Hajdu has offered federal support to help transfer doses between provinces.

Quebec officials announced that the province will shorten the delay between first and second doses of the AstraZeneca vaccine to eight weeks from 16 weeks. Second doses are to start being administered at walk-in clinics on May 29.

The province has 148,100 doses of AstraZeneca in stock.

Quebec reported 436 new cases of COVID-19 and 10 more deaths as the number of hospitalizations continued to drop.

Elsewhere, Ontario announced 1,135 new cases and 19 more deaths linked to the virus, as Premier Doug Ford mulled whether to reopen schools.

Ford said he has written to experts and education stakeholders asking for input on whether it’s safe to have children back in classrooms.

Schools have been shut in Ontario since April amid a devastating third wave. But infections there have been steadily declining in recent weeksas more people get vaccinated.

A new report from Statistics Canada found that more people are getting on board with getting a shot.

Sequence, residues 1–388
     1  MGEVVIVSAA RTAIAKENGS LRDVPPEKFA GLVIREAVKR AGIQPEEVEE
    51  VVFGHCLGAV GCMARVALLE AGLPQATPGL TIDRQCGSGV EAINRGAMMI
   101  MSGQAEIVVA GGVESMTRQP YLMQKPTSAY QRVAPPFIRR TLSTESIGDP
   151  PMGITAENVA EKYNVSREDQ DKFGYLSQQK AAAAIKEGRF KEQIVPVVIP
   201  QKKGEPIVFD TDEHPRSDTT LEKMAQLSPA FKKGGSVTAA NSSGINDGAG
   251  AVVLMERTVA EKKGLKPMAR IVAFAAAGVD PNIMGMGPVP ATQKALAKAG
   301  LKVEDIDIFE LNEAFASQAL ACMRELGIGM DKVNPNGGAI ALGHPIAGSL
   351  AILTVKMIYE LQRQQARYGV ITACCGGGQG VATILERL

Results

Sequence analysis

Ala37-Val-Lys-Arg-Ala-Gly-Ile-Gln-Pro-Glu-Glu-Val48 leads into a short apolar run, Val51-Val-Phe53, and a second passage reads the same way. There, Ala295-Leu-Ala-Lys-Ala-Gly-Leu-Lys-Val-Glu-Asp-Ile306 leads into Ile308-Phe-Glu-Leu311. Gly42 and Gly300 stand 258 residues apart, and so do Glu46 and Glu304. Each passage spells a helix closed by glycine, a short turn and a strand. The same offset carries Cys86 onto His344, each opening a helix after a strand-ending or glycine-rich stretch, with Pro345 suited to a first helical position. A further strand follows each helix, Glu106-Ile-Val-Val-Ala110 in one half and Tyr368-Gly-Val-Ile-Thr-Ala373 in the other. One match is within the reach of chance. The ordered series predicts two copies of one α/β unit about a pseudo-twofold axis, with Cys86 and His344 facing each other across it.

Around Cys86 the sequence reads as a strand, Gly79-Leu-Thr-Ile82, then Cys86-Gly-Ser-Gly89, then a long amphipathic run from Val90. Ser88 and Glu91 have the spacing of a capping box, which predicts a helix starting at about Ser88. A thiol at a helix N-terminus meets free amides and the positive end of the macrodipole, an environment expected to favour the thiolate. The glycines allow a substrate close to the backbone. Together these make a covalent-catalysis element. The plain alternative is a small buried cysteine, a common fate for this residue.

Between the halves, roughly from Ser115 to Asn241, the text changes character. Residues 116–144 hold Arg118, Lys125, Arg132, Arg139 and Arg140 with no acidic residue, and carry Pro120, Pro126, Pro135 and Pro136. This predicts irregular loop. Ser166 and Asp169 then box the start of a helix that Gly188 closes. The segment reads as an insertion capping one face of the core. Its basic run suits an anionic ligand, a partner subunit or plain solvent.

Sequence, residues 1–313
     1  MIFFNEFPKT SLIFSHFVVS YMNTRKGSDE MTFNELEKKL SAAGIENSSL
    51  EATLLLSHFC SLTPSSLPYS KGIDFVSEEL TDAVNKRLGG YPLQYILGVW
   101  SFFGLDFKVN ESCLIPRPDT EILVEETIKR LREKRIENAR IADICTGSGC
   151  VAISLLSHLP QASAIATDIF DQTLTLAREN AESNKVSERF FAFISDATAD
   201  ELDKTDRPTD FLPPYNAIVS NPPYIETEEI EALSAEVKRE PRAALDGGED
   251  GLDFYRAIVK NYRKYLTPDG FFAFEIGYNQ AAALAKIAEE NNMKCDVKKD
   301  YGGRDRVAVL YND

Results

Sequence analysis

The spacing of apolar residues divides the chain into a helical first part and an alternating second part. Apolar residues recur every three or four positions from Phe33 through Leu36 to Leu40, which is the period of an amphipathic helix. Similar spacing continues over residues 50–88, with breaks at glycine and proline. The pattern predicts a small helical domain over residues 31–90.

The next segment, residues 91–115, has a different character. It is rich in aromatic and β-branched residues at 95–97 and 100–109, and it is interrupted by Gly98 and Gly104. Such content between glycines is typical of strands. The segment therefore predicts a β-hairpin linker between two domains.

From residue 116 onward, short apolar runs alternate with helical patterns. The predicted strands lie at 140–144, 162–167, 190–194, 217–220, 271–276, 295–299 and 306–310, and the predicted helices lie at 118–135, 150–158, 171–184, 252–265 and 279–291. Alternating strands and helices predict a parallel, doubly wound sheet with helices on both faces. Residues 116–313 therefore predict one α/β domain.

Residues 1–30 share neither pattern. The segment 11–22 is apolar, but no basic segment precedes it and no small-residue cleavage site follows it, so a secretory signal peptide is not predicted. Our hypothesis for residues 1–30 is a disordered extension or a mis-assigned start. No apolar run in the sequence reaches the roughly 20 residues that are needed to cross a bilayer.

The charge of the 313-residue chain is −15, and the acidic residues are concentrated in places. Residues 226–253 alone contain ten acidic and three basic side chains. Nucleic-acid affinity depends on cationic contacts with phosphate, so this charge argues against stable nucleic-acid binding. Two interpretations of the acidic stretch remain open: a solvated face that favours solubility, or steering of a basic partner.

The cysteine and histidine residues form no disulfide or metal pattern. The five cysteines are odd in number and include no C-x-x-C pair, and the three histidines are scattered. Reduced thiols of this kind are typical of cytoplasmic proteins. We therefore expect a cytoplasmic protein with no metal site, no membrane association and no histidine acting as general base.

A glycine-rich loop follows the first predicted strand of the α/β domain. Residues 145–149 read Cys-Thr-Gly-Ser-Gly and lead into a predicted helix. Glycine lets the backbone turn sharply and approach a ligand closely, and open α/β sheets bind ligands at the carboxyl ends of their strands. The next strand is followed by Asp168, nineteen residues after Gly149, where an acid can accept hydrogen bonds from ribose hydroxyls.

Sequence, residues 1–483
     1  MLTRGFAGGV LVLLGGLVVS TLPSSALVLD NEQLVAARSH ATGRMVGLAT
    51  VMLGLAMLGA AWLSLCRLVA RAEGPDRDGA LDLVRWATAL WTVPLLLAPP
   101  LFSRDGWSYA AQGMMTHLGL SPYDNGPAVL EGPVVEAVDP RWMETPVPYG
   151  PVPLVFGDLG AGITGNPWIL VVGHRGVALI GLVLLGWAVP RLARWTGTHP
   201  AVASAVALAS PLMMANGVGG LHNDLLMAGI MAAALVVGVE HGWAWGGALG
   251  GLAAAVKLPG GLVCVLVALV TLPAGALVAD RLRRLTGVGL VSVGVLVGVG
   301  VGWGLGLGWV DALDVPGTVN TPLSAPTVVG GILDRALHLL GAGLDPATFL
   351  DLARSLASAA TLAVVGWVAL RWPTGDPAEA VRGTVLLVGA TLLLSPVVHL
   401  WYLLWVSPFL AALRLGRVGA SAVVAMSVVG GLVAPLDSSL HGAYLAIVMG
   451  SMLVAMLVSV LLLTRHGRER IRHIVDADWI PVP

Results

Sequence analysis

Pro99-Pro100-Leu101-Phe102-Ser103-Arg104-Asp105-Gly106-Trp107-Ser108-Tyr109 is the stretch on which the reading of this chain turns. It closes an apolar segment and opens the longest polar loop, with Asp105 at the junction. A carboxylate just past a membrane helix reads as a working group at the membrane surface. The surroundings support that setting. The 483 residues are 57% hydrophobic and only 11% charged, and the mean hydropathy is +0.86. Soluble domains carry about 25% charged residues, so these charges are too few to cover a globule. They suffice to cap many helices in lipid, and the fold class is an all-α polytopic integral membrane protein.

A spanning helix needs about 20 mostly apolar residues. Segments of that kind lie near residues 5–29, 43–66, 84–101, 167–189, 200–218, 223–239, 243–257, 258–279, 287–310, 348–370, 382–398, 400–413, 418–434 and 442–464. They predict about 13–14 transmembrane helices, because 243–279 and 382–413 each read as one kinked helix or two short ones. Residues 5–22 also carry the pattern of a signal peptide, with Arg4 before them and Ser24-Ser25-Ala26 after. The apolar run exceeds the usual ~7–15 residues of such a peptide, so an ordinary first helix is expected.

The report, based on data collected by the Canadian Community Health Survey, found in January and February of this year that 82 per cent of Canadians aged 12 and older said they were somewhat or very likely to get the vaccine.

That was slightly up from 80 per cent at the end of last year.

The increase was largely seen in people aged 35 to 49 — up to 88 per cent from 77 per cent.

Vaccine willingness was highest in Newfoundland and Labrador and British Columbia.

CoronavirusJustin Trudeau

Just Posted

Students at Creston Valley Secondary School put together an art installation of a replica residential school room. (Photo by Kelsey Yates)
Creston students create art installation of residential school room

The replica was decorated with a small bed, school uniform, and notes written with pleas for help

A tent housing a mobile vaccination clinic. (Interior Health/Contributed)
Second dose vaccinations accelerating throughout region: Interior Health

To date, more than 675,000 doses have been administered throughout the region

The Food Recovery Program has pivoted to more meal production during this pandemic year. Submitted file
Kimberley Food Recovery Program producing more meals during pandemic

This past Monday, June 14, Shannon Grey-Duncan from the Kimberley Food Recovery… Continue reading

Prince Charles Secondary School
School District 8 votes in favour of name change for Secondary School in Creston

In an act of reconciliation, a new name will be chosen for Prince Charles Secondary School

Kootenay-Columbia MP Rob Morrison. Photo courtesy Conservative Party of Canada.